Choosing a Strong Mark for Your Cannabiz (or any Business)

This blog post is about protecting your cannabis business but is universally applicable to all businesses, especially those looking to protect their brand through trademark registration. Strong trademarks are less likely to be challenged because they are less likely to cause confusion with other existing brands and marks. The question now becomes, what makes a strong trademark? The USPTO has created 5 categories of marks that are used to evaluate the strength of a mark. We’ll go through each one of them below, from strongest to weakest:

1.     Fanciful Marks

A fanciful mark is also called a coined mark and this is the strongest type of mark because of its inherent distinctiveness. These are marks that consist of a combination of letters that do not have meaning and are invented solely to serve as trademarks. The inherent distinctiveness of these marks means that larger advertising efforts are required to inform consumers about the relationship between the marks and the goods and services offered by the company. For this reason, these marks are granted the largest scope of protection against other trademark applicants and users. (Examples: Google; Verizon; Rolex; Pepsi; Kodak)

2.     Arbitrary Marks

Similar to fanciful marks, arbitrary marks also require great efforts by companies to educate the public about the relationship between the marks and their goods and services. As such, these marks enjoy the next broadest scope of protection against third-party use. Arbitrary marks are real words that have meaning but are completely unrelated the goods and services associated with the mark. Examples of such marks are Apple for electronic goods, Shell for gasoline, and Camel for cigarettes.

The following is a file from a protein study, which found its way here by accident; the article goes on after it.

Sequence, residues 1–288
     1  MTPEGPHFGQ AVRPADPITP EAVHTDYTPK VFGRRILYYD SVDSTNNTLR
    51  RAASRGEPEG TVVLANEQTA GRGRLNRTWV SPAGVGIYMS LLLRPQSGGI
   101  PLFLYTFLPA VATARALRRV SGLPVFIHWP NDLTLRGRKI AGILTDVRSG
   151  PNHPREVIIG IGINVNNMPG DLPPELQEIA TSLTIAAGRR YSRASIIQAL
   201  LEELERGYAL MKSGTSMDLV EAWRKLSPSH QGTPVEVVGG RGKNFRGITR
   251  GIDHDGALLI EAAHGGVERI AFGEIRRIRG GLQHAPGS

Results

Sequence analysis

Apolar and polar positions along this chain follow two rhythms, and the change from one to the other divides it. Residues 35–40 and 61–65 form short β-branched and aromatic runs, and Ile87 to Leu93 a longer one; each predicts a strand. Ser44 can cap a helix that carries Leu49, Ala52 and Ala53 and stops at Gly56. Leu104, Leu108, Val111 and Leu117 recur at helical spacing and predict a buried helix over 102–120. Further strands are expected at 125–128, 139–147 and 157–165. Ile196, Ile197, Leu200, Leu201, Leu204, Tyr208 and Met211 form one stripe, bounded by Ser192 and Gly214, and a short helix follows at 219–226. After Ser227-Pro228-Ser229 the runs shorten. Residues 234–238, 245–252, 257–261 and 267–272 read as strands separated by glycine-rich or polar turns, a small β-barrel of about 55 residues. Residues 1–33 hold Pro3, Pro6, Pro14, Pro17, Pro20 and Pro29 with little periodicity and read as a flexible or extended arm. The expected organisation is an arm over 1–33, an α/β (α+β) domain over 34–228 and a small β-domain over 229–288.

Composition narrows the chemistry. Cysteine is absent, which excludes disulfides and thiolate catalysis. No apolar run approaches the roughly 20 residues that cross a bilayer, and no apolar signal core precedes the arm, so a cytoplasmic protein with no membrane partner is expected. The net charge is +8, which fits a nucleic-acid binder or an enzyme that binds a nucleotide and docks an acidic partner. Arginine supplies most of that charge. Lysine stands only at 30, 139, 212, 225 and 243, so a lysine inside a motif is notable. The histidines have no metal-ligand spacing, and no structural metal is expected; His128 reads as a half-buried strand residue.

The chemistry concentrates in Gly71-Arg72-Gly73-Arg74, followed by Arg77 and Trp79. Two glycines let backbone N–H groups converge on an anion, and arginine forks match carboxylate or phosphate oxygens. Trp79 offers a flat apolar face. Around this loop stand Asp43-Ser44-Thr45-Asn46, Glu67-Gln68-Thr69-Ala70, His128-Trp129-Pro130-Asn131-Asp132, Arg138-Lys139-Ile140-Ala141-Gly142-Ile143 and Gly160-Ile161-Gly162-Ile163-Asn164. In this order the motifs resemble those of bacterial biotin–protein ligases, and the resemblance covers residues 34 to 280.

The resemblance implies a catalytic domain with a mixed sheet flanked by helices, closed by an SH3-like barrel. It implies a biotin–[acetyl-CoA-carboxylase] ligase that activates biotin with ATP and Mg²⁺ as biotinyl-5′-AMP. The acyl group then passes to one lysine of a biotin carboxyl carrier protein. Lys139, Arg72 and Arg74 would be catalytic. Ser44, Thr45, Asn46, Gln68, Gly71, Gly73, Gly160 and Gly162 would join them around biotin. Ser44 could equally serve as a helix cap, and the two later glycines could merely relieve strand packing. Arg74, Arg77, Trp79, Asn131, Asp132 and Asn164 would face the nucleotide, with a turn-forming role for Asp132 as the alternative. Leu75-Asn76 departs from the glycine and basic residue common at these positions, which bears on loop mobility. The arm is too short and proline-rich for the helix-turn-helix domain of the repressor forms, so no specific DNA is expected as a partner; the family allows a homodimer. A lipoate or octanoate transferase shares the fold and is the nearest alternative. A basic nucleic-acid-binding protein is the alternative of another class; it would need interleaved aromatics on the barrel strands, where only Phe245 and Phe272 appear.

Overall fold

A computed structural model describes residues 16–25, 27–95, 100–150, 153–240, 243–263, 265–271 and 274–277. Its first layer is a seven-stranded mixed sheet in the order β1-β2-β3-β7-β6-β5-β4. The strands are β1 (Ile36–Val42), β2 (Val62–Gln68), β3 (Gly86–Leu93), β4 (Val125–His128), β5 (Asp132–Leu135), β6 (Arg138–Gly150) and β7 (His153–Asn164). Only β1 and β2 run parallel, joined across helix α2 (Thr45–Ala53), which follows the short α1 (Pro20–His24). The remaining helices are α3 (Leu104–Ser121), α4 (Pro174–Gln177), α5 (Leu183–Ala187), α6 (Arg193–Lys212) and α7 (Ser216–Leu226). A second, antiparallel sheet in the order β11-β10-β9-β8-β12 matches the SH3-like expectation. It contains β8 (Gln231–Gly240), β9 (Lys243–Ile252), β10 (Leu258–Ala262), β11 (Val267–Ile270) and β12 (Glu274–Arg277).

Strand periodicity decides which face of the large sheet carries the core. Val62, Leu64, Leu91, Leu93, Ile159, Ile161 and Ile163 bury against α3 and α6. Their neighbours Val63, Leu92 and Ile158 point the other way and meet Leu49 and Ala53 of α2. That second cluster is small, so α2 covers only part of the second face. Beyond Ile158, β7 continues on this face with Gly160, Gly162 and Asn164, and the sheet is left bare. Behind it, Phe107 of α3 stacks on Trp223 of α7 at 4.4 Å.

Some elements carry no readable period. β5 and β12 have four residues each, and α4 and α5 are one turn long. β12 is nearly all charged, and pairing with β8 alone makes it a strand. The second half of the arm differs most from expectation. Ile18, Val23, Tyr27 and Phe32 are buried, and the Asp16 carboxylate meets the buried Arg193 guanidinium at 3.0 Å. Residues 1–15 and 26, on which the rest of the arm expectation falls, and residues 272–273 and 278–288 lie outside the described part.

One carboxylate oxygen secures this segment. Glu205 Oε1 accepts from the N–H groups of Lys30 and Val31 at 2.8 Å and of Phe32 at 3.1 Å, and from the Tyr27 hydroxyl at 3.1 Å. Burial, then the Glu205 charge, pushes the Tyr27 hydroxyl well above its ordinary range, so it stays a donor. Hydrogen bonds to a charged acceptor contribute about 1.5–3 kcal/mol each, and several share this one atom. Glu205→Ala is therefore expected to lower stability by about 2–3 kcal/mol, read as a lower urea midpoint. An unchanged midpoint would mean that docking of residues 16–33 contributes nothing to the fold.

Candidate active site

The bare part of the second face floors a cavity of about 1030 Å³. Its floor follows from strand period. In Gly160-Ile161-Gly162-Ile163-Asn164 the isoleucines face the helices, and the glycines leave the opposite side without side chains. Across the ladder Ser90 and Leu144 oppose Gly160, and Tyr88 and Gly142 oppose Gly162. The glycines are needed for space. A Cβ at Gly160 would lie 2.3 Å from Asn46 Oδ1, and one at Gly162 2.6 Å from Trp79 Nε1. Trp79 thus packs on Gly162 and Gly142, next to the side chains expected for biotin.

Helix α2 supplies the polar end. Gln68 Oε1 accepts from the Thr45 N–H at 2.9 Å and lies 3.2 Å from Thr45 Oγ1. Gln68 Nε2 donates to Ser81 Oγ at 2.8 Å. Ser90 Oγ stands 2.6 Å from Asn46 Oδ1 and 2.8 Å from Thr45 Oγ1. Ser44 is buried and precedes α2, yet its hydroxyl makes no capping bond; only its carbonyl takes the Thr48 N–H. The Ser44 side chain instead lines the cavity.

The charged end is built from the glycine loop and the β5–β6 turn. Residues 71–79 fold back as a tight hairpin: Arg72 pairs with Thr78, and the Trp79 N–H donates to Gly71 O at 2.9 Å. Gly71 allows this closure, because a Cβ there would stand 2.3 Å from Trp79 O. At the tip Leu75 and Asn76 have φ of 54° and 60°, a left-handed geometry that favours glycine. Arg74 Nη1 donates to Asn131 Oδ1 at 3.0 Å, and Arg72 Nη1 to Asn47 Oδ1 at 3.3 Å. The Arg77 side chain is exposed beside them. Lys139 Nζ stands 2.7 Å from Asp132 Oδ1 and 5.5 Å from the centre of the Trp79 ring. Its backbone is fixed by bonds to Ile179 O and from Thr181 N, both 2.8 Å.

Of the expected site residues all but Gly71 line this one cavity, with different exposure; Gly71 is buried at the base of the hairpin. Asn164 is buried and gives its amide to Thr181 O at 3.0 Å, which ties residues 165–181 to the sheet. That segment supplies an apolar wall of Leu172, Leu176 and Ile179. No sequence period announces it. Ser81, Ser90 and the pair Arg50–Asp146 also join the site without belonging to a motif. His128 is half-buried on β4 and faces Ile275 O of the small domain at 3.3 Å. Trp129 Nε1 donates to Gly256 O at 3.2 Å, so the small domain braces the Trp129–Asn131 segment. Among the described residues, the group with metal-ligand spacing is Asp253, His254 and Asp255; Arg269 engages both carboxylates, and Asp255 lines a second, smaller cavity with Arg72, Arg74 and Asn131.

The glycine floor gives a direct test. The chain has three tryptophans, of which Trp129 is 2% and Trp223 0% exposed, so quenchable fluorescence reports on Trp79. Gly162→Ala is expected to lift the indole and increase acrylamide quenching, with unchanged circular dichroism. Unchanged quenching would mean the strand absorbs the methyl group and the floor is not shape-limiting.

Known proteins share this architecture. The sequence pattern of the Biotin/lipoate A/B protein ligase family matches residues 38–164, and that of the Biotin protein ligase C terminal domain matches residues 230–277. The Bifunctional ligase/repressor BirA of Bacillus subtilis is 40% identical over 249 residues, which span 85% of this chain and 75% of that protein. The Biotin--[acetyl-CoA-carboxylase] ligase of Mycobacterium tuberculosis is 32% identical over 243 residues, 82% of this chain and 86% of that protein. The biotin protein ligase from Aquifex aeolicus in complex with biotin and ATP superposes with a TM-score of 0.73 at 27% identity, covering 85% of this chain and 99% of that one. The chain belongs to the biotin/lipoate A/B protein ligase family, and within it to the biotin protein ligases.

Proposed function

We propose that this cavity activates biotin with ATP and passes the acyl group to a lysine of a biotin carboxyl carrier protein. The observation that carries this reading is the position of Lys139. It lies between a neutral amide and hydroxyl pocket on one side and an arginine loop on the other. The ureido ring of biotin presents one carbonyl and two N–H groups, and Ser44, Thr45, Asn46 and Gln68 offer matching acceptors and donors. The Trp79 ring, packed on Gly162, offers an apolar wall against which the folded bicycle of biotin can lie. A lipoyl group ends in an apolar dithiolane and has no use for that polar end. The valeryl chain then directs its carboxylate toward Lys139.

3.     Suggestive Marks

Suggestive marks are the final category of marks considered to be strong marks by the USPTO. These marks can be made of real or invented words, but the words suggest something about the goods and services offered by the company. The marks don’t obviously reveal the exact goods and services offered, but they hint at them. Because of the nature of these marks, less advertising is required to educate consumers and so these marks are granted slightly less protection that fanciful and arbitrary marks. Examples of suggestive marks include Timex for watches, Netflix for streaming services, and Microsoft for software products.

4.     Descriptive Marks

These marks are considered weak by the USPTO. Descriptive marks simply use a word or a combination of words to describe the goods and services associated with the mark, or to describe a feature, function, or quality of the goods and services. Since these marks themselves provide consumers with an idea of the services associated with the mark, even less informational advertising is required and even less protection is granted by trademark laws. Examples of these marks are: British Airways and BestBuy.

5.     Generic Marks

These are marks that do not receive trademark protection because they simply describe the products or services offered.

Keep these categories in mind when developing your cannabis brand and applying for a trademark. Good luck!

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